Ubisoft promises to do better by PC gamers

Ubisoft's relationship with PC gamers has been strained for years. Always-on DRM , last-minute delays of PC releases, its insistence on uPlay and CEO Yves Guillemot's stated belief that nine out of ten PC gamers are filthy pirates have collectively made it a difficult publisher to love. But it promises that things are different now.

"We recognize the importance and needs of PC gamers, and want to continue to improve how we create and support games for PC," Alain Corre, the executive director of Ubisoft EMEA, told MCV . "As a percentage of our business, PC grew last year, from 11 per cent in 2012/13 to 15 per cent in 2013/14, which is an indication of the progress we're making."

That is perhaps a slightly simplistic way of looking at the situation, but the bottom line is that the PC's relevance as a game platform is actually increasing and that's something Ubisoft can't afford to ignore. Corre cited the change from always-on DRM to one-time activations, which he described as "a standard practice in the industry," as just one example of the company listening and responding to its fans.

"We're also doing our best to bring our games to PC at the same time as the console versions. Assassin's Creed Unity and Far Cry 4 , for example, will be released simultaneously on console and PC, and this will continue to be the goal for all our major titles," he said. "Finally, we are committed to improving the optimization of our games for each platform on which they're released – including PC."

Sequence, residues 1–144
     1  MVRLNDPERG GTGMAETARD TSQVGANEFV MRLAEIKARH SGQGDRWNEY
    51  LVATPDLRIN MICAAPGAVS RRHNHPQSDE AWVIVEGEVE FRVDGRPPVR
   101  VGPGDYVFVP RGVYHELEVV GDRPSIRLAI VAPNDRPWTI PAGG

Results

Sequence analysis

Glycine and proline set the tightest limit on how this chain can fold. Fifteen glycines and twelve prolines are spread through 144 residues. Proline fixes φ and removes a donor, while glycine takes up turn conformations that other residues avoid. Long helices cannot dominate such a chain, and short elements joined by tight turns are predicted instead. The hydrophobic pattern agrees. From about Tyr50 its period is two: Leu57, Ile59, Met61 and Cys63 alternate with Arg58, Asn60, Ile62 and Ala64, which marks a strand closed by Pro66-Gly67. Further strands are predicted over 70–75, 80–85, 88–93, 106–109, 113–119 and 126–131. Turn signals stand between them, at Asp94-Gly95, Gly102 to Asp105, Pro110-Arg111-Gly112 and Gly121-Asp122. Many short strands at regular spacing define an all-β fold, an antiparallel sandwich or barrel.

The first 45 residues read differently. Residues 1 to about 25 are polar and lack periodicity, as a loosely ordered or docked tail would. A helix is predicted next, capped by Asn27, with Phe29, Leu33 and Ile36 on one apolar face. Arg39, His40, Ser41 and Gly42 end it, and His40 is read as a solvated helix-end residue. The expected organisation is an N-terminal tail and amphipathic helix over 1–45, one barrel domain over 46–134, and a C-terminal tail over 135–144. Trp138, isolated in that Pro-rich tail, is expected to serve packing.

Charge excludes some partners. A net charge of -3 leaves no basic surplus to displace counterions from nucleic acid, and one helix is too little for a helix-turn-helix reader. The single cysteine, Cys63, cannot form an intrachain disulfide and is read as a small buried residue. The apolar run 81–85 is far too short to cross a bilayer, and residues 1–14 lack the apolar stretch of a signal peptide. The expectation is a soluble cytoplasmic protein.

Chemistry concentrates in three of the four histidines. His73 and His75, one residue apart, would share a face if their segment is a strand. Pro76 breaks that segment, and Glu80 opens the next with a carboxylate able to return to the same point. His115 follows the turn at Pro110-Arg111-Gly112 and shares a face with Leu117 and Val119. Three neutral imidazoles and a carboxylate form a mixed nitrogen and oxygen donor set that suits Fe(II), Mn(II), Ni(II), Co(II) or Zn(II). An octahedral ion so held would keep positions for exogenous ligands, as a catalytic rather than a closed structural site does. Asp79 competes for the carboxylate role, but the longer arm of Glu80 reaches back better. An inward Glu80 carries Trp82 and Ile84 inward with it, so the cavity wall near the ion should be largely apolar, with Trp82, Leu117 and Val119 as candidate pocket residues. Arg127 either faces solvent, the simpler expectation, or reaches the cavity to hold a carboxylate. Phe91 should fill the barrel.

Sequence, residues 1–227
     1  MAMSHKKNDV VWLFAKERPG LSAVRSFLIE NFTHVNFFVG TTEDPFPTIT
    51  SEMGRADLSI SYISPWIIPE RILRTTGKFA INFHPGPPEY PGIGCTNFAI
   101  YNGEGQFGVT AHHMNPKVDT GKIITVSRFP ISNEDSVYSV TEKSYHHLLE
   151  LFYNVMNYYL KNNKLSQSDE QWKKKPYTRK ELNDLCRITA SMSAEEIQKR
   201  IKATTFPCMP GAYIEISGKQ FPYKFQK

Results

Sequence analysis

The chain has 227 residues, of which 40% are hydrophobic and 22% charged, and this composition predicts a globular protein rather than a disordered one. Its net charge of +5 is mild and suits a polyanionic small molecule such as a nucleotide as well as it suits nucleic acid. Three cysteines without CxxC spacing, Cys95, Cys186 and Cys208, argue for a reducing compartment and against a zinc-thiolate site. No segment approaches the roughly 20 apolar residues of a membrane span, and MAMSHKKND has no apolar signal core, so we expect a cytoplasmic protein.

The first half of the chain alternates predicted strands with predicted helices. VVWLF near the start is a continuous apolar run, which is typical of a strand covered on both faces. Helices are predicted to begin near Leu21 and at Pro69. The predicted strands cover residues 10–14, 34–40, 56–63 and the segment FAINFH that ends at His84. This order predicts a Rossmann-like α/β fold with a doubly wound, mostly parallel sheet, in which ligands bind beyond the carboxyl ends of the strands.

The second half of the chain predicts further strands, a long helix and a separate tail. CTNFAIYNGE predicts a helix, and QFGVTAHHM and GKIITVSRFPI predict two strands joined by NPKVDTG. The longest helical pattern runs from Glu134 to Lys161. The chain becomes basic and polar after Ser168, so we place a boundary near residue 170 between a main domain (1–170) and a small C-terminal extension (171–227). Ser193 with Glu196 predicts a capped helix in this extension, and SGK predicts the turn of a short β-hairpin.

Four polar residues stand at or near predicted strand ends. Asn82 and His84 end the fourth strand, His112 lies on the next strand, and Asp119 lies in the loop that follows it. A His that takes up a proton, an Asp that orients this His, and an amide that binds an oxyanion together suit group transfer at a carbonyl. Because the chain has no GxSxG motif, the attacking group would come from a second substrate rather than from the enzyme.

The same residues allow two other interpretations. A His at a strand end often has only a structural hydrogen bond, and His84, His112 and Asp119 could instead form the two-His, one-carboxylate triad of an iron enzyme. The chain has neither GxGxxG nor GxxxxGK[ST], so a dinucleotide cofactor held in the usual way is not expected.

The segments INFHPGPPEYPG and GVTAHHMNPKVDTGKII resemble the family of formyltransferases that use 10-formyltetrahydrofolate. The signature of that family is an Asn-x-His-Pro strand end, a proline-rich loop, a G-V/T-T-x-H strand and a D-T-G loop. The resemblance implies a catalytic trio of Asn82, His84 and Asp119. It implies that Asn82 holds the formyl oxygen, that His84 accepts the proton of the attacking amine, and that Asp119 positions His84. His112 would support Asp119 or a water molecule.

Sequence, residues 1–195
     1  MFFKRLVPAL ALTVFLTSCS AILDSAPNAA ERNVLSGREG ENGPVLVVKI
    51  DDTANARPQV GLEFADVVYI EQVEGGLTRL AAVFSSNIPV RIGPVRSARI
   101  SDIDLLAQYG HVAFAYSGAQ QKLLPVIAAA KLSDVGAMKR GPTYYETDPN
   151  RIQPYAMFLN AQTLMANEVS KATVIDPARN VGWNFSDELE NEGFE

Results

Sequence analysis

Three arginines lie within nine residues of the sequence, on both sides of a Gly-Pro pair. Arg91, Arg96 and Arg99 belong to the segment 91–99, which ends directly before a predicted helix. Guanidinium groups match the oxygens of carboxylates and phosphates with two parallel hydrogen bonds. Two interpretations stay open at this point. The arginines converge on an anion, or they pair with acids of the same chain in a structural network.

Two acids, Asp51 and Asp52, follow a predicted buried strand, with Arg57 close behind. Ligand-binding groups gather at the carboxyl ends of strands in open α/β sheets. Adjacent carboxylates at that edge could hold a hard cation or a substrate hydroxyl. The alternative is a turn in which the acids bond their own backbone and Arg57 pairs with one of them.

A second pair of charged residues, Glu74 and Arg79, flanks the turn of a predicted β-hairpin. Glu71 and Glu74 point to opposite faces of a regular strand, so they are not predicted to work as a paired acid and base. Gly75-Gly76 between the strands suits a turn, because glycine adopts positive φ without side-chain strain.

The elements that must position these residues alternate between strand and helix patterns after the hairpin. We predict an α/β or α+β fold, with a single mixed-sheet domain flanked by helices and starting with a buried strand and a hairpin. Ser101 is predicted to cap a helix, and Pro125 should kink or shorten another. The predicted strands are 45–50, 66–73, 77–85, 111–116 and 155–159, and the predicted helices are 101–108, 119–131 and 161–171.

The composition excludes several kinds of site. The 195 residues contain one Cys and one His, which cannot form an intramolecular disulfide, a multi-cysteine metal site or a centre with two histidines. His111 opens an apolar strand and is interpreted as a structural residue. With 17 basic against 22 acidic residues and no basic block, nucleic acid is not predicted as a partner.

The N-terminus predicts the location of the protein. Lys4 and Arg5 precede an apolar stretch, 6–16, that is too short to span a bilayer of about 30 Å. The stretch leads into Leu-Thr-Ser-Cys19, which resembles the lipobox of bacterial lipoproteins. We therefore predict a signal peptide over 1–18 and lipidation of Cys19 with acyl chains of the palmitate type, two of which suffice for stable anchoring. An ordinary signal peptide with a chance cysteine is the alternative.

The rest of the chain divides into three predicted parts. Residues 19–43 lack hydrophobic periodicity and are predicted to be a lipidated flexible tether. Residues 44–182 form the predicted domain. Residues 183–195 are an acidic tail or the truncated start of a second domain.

It sounds good, but words are easy, and given Ubisoft's well-established history of delaying the PC releases of its games at the last minute—consider Driver: San Francisco , Ghost Recon: Future Soldier , From Dust , Assassin's Creed Brotherhood , Assassin's Creed Revelations and Assassin's Creed IV: Black Flag —I think I'll wait a bit and see how things pan out before I offer any congratulations on a job well done.

Andy Chalk

Andy has been gaming on PCs from the very beginning, starting as a youngster with text adventures and primitive action games on a cassette-based TRS80. From there he graduated to the glory days of Sierra Online adventures and Microprose sims, ran a local BBS, learned how to build PCs, and developed a longstanding love of RPGs, immersive sims, and shooters. He began writing videogame news in 2007 for The Escapist and somehow managed to avoid getting fired until 2014, when he joined the storied ranks of PC Gamer. He covers all aspects of the industry, from new game announcements and patch notes to legal disputes, Twitch beefs, esports, and Henry Cavill. Lots of Henry Cavill.